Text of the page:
The test involving 30 machines in the Washington, D.C., area has just begun. Pepsi hopes to begin rolling them out worldwide over the next several years, said Robert Lewis, vice president of packaging and equipment development.
The new machines use 5.08 kilowatt-hours of energy per day, down about 15 percent from a nationwide average of 6 kilowatt-hours used by current machines. Current machines already use 44 percent less energy on average than the machines used six years ago.
"That was the equivalent of burning five 100-watt bulbs constantly," Lewis said, referring to the 2003-era machines. "We're currently down to about two 100-watt bulbs. They're not using a lot of energy as it is."
The new machines also emit about 12 percent less greenhouse gas, in part by keeping the drinks cool with carbon dioxide instead of the usual hydrofluorocarbons (HFCs), which scientists say contribute to global warming.
The green machines, which have won the praise of Greenpeace, are the latest step PepsiCo is taking to promote its more environmentally friendly ways. Both PepsiCo and Coca-Cola Co have come under fire for issues such as using too much plastic, and have made changes such as making lighter bottles and conserving more water.
The new machines are more expensive than current equipment, Lewis said, but declined to say by how much.
PepsiCo, whose brands include Pepsi, Mountain Dew, Sierra Mist and Aquafina, currently has about 4 million to 5 million vending machines and coolers around the world.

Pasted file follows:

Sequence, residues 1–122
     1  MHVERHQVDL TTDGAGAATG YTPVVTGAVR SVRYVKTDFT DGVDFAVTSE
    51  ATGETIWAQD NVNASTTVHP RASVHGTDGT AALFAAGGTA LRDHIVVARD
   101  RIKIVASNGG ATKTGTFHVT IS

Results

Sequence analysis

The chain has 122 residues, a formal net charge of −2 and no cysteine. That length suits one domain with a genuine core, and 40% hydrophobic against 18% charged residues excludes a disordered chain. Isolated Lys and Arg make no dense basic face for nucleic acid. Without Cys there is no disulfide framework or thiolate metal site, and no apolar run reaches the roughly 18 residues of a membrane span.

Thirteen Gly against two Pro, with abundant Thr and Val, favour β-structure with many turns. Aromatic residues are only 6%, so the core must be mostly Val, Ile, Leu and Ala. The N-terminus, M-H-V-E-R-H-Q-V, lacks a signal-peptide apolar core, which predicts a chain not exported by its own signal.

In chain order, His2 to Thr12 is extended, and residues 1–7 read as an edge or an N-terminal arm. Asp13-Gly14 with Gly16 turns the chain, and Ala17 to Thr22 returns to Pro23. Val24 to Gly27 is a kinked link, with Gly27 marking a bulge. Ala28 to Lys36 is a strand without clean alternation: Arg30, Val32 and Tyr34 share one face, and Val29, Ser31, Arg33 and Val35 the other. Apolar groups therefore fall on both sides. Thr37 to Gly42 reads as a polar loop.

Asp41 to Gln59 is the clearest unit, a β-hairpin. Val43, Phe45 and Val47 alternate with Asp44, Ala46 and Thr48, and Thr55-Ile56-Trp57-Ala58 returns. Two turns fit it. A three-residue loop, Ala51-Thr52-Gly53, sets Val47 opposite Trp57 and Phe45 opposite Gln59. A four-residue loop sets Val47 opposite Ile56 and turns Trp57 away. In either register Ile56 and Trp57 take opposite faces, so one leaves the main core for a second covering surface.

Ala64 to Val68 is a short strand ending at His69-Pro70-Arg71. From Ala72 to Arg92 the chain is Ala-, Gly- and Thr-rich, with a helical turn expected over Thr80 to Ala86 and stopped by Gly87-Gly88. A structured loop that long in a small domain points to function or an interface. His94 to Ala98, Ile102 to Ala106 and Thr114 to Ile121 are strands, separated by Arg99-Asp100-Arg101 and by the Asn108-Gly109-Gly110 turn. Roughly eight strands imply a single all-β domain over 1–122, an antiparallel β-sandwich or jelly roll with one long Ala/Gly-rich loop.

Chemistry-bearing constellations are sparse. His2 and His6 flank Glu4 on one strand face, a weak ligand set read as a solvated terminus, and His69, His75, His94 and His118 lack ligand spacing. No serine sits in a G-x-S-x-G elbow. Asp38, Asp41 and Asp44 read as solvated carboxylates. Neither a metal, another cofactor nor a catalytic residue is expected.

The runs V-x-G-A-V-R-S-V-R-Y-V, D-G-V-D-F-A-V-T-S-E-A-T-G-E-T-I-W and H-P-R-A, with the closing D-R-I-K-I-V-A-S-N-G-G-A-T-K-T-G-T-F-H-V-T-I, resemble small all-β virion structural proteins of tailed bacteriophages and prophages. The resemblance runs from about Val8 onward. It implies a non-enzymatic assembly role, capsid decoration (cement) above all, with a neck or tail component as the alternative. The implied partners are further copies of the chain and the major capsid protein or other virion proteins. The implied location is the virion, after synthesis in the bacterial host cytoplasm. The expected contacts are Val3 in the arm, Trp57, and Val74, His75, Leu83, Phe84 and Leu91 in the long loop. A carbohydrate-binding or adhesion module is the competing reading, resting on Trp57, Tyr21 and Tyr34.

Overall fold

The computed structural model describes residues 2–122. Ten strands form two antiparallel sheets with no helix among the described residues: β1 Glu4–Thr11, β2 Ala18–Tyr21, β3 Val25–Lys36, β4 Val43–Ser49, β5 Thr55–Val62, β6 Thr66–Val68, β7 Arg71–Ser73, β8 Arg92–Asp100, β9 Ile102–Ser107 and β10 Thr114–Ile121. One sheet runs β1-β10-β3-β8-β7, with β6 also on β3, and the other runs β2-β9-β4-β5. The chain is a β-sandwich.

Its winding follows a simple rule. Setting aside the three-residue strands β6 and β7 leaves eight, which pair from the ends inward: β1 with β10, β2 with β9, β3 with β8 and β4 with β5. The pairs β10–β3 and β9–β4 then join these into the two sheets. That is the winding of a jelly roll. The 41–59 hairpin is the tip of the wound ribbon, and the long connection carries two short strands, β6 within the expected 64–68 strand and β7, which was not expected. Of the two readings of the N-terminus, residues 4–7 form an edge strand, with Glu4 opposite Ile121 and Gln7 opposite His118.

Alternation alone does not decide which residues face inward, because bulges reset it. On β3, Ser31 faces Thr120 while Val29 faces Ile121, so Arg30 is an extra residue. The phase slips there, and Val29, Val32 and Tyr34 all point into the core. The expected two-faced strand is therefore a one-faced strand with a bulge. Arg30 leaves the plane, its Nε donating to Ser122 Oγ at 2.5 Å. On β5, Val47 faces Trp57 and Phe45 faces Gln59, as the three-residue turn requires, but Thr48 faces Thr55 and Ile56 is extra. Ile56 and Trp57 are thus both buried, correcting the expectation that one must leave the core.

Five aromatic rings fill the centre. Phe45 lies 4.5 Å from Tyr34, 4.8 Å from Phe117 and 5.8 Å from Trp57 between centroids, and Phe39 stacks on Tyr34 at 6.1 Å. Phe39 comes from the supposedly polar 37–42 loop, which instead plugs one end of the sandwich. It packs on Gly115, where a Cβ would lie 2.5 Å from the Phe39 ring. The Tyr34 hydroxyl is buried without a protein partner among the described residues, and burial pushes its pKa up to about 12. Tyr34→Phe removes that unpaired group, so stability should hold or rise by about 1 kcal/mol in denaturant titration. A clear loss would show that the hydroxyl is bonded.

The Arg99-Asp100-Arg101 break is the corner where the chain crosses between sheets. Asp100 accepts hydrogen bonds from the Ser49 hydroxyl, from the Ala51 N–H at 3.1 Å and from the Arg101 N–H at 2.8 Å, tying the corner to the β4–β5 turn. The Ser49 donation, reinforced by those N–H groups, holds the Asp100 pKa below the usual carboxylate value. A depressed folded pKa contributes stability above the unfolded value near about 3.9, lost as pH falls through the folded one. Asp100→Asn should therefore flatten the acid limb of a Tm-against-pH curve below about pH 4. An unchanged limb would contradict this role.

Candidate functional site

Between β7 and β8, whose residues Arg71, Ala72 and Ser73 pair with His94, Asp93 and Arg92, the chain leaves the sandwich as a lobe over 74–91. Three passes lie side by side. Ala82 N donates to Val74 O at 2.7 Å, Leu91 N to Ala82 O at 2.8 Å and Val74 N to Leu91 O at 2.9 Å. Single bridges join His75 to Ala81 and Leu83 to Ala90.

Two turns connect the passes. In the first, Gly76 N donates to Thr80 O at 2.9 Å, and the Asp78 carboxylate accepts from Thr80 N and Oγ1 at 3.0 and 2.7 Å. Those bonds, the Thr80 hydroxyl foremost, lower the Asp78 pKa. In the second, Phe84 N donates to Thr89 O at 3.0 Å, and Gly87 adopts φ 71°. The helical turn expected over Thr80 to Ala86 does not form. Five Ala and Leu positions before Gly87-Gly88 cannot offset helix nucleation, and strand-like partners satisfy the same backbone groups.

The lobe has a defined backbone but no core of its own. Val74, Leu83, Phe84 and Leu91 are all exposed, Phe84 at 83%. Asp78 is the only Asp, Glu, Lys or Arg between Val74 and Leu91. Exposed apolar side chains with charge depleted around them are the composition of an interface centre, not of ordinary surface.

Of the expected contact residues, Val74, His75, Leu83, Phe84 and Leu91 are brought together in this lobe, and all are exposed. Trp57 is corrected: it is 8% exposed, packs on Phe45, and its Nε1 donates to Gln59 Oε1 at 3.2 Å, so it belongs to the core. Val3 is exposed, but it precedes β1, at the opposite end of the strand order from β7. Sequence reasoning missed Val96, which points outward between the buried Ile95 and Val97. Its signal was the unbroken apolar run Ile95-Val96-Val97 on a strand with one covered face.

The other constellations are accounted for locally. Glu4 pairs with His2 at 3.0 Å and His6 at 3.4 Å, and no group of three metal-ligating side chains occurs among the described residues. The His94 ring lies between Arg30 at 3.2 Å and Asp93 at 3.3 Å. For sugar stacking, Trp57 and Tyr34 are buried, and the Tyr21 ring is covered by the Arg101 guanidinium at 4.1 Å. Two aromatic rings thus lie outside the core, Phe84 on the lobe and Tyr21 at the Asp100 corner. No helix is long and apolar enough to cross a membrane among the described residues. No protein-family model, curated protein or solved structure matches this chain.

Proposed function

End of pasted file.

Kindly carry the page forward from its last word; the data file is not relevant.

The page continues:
Vending machines are typically owned and serviced by the company's bottlers, which share their revenue with the offices, schools and stores that house them. Therefore, those customers will not incur any charges for the new machines, yet will benefit from lower energy bills, Lewis said.
PepsiCo worked with Greenpeace Solutions, an arm of the large environmental organization, to develop the program.
Greenpeace Solutions Director Amy Larkin said PepsiCo was leading the way to improve a technology that people use every day but rarely think about.
"They're transforming the industry in a way that is going to be more climate-friendly to a great degree, so what can I do but applaud that," Larkin said.
While Pepsi's greener vending machines are the first in the United States, Unilever Plc's Ben & Jerry's ice-cream brand introduced coolers that use carbon dioxide, she noted.
Coca-Cola has introduced HFC-free vending machines in Britain, and used them at official venues at last year's Beijing Olympics.